Department of Management

Accounting Research on Health Care - trends and gaps

Research output: Contribution to journal/Conference contribution in journal/Contribution to newspaperReviewResearchpeer-review


This study reviews three hundred seventeen accounting studies in health care from the past forty years. In addition to a traditional description of the theory and methods applied, this review focuses on the countries that have been studied, the stakeholder perspectives that have been represented through data collection and the longitudinal accounting topic focuses that have been developed. The findings illuminate trends and gaps in the literature. Specifically, this study identifies a growing trend of applying interviews as a method of data collection, which increases the possibility of representing individual stakeholders. Predominantly, administrators’ and doctors’ viewpoints are presented, whereas a lack of perspectives among nurses, patients and politicians raises opportunities for future research. Additionally, there has been an increase in the number of countries represented in studies. Whereas Scandinavian countries are well represented in this literature review, studies of non-English-speaking countries are still significantly lacking. The accounting topic in focus has seen a natural development with NPM reform developments. A majority of costing and budgeting studies in the 1980s and 1990s have gradually changed to a performance measure focus and different atypical areas, signalling increased nuances in the role of accounting in the health care sector. Thus, although the majority of the existing accounting literature has focused on NPM market reforms, NPM health care reform is far from exhausted, and ample opportunities exist for future research in health care accounting.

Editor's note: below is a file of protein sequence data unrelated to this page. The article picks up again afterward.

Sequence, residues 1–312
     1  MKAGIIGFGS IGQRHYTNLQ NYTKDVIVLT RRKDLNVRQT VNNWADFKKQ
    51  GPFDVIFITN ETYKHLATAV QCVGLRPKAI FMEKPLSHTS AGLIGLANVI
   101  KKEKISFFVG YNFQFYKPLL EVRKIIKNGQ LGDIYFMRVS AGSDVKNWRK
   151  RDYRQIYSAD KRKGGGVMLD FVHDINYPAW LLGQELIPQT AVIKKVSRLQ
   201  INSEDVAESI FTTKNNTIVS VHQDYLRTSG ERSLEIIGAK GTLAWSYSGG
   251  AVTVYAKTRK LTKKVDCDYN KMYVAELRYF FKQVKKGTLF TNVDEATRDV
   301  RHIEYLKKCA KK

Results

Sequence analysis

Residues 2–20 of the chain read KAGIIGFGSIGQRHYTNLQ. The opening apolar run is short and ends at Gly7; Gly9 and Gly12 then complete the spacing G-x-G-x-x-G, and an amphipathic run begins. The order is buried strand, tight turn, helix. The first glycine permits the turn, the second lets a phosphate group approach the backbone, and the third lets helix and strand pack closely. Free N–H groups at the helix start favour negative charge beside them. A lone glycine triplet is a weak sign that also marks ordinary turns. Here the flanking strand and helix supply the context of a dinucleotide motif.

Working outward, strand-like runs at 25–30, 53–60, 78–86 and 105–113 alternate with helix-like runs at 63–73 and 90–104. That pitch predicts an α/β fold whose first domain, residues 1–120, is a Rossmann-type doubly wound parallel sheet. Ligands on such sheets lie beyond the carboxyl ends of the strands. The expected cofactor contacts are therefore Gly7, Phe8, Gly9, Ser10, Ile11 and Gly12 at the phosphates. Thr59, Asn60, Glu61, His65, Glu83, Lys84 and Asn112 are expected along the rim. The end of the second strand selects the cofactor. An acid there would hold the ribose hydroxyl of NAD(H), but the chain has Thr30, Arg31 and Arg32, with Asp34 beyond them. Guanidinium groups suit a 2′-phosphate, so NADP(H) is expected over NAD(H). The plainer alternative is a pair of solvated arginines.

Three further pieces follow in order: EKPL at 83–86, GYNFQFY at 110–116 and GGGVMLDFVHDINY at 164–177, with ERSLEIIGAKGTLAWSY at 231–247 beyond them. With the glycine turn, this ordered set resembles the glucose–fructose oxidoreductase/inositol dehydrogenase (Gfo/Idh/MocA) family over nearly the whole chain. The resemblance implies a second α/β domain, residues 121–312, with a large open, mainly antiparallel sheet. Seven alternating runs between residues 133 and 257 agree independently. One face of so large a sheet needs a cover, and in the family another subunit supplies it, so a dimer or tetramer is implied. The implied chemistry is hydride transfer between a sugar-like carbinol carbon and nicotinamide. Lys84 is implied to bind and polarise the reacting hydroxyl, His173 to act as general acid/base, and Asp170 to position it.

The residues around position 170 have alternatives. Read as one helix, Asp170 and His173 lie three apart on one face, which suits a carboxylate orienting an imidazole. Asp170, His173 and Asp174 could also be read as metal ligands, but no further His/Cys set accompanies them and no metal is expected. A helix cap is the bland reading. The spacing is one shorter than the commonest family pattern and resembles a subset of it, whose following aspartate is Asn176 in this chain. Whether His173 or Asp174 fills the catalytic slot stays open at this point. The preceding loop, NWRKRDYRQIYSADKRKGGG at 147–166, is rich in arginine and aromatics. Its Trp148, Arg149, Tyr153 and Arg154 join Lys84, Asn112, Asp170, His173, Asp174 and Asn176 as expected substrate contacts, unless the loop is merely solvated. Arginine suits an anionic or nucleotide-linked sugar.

Original languageEnglish
JournalFinancial Accountability & Management
Pages (from-to)90-114
Number of pages25
Publication statusPublished - 2019

    Research areas

  • New Public Management, accounting, health care reform, literature review

See relations at Aarhus University Citationformats

ID: 128122225